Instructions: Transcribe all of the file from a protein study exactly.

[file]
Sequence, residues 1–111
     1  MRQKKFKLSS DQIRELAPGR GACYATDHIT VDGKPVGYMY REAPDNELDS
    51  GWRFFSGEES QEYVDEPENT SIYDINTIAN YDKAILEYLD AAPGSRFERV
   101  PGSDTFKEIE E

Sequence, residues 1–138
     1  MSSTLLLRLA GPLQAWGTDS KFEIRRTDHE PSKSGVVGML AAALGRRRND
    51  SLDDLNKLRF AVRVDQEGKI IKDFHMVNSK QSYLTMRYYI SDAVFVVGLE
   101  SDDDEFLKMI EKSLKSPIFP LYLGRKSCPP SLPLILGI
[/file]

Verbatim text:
Sequence, residues 1–111
     1  MRQKKFKLSS DQIRELAPGR GACYATDHIT VDGKPVGYMY REAPDNELDS
    51  GWRFFSGEES QEYVDEPENT SIYDINTIAN YDKAILEYLD AAPGSRFERV
   101  PGSDTFKEIE E

Sequence, residues 1–138
     1  MSSTLLLRLA GPLQAWGTDS KFEIRRTDHE PSKSGVVGML AAALGRRRND
    51  SLDDLNKLRF AVRVDQEGKI IKDFHMVNSK QSYLTMRYYI SDAVFVVGLE
   101  SDDDEFLKMI EKSLKSPIFP LYLGRKSCPP SLPLILGI